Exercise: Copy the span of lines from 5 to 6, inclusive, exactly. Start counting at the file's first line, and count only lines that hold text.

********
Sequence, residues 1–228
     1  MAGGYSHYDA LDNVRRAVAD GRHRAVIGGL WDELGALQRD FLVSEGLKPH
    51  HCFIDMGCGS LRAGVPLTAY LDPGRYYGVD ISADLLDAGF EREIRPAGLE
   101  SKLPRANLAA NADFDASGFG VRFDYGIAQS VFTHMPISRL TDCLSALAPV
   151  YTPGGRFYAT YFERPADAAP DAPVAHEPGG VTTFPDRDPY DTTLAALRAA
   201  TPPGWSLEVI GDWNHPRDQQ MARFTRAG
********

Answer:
   151  YTPGGRFYAT YFERPADAAP DAPVAHEPGG VTTFPDRDPY DTTLAALRAA
   201  TPPGWSLEVI GDWNHPRDQQ MARFTRAG